More face masks are coming to Statesboro and Bulloch County, after requests from local leaders hoping to slow the spread of COVID-19. The number of positive coronavirus cases reached 803 on Monday, up 52 since Friday, as Bulloch continued its surge of cases since June 1, when the total stood at 62.
Monday also marked the highest number of COVID patients hospitalized at East Georgia Regional Medical Center at one time — 25, with five on ventilators, said Bulloch County Public Safety/Emergency Management Agency Director Ted Wynn. There have been 64 hospitalizations total since the pandemic began.
“Bulloch County commission Chairman Roy Thompson and Statesboro Mayor Jonathan McCollar submitted a request to state operations for more face masks” last week, he said. The request was granted, with “delivery pending.”
Local volunteers handed out thousands of free face masks last week. Health experts say masks help stop the spread of the coronavirus.
Bulloch County EMS transported two possible COVID-19 patients Saturday, one positive and four possibly positive patients Sunday, and two possibly positive patients Monday, totaling 64 possibly positive and 45 confirmed positive patients transported since the pandemic started, he said.
Mandatory face masks
In Statesboro and across the country on Monday, Walmart, Lowe’s, Verizon, Starbucks, CVS and Walgreens all began requiring customers to wear face masks inside their stores. Aldi will begin requiring masks next Monday, July 27.
Retailers have hesitated to make masks mandatory nationwide out of fear of angering some customers over what, even in a pandemic, has become a political issue.
It was difficult to enforce such rules, even in states that mandate face masks. However, the recent surge of new virus cases — particularly in Florida, California, Texas and Arizona — has left them with no choice, retail experts say.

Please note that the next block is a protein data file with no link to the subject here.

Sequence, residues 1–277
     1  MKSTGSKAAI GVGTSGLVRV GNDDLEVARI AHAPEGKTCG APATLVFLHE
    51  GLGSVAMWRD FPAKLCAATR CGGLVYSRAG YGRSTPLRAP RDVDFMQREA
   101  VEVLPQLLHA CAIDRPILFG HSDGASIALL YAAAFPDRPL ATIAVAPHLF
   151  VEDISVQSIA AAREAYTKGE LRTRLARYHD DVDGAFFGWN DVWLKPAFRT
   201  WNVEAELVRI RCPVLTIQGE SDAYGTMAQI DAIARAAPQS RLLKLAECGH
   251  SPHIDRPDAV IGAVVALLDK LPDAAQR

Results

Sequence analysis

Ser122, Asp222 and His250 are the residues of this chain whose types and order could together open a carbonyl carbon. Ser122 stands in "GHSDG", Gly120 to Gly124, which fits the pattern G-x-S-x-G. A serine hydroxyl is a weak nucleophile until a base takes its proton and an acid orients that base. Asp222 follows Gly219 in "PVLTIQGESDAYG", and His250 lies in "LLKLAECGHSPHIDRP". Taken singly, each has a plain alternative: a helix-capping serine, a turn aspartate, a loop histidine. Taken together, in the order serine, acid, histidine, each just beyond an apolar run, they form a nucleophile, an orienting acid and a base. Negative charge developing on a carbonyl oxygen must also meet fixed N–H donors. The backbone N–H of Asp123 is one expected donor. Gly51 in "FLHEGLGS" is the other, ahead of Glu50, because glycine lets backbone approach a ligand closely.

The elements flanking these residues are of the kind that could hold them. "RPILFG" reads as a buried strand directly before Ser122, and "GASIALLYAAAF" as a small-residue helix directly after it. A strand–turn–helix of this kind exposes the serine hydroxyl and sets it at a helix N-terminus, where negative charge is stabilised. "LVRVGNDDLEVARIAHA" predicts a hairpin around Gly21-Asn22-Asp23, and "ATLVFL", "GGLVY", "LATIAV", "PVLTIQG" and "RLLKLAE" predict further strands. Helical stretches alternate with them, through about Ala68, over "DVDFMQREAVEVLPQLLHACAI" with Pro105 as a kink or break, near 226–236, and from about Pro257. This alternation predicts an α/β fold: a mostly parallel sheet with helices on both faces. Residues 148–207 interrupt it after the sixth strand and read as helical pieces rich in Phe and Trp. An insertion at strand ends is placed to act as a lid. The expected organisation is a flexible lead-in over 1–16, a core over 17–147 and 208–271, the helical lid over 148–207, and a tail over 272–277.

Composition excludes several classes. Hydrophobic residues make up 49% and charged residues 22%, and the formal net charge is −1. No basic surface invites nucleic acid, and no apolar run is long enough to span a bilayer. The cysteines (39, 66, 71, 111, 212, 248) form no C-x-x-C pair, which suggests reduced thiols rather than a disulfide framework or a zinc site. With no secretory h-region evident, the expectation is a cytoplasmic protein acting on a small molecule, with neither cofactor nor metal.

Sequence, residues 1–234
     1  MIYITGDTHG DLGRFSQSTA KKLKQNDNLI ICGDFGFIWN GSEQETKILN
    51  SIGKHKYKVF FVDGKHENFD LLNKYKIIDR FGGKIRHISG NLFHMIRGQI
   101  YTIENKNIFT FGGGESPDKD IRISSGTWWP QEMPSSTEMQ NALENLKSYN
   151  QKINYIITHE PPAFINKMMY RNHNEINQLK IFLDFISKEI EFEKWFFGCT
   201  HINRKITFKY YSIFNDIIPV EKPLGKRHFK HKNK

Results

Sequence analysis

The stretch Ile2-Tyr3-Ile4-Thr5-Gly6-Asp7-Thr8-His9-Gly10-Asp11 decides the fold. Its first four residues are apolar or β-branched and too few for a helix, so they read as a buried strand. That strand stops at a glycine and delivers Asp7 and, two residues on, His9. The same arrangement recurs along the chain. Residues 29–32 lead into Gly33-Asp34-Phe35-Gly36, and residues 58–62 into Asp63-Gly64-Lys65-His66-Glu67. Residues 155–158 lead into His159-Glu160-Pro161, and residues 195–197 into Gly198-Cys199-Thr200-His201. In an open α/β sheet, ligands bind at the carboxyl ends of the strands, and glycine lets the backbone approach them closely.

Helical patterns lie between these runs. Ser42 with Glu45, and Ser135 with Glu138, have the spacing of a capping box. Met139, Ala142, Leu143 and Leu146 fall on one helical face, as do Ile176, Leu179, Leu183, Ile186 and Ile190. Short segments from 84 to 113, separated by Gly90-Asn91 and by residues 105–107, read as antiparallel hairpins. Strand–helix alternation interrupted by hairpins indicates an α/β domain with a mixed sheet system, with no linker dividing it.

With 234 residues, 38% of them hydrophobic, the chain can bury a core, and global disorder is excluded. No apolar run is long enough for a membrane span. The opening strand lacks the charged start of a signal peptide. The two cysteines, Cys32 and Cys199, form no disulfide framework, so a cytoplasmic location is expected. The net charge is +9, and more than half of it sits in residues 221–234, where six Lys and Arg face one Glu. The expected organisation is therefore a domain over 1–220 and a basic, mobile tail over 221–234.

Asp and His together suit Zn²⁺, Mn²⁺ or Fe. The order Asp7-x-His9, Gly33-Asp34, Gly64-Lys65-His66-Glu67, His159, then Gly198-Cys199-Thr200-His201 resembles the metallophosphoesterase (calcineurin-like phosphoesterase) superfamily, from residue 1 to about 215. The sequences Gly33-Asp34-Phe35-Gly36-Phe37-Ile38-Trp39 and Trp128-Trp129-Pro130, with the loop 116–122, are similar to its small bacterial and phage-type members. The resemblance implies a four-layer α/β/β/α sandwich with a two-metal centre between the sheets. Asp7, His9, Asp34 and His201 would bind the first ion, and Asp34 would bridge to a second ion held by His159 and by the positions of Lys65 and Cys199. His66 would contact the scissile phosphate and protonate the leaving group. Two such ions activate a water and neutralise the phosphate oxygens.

“To be clear, we’re not asking our store employees to play the role of enforcer,” said Jon Roberts, the chief operating officer at CVS. “What we are asking is that customers help protect themselves and those around them by listening to the experts and heeding the call to wear a face covering.”
NY governor in Savannah
New York Gov. Andrew Cuomo flew to Georgia on Monday, pledging to help the city of Savannah fight COVID-19 in a barely concealed rebuke to Georgia’s Republican leadership as virus cases continued to rise in the state.
Cuomo declined to directly criticize Georgia Gov. Brian Kemp, but warmly praised Savannah Mayor Van Johnson, a native New Yorker who has been a scorching critic of Kemp in recent days.
Johnson was the pacesetter in a revolt by local Georgia officials against Kemp’s refusal to allow local governments to order people to wear masks. Kemp eventually sued Atlanta’s mayor and city council, asking a judge to order local officials to stop taking actions at variance with his own executive orders on coronavirus.
Cuomo delivered masks, test kits, gowns, face shields and hand sanitizer. He said he would help Savannah set up two new public testing sites aimed at lower-income people, and said he would share contact tracing expertise.
Kemp spokesperson Candace Broce declined to comment on Cuomo’s visit.
The number of people hospitalized because of the respiratory illness in Georgia continues to rise, reaching nearly 3,200 on Monday, a level that has tripled in the past month. The total number of cases in Georgia climbed past 145,000 on Monday, while the number of deaths rose to 3,176.
The Associated Press contributed to this report.
Herald reporter Holli Deal Saxon may be reached at (912) 489-9414.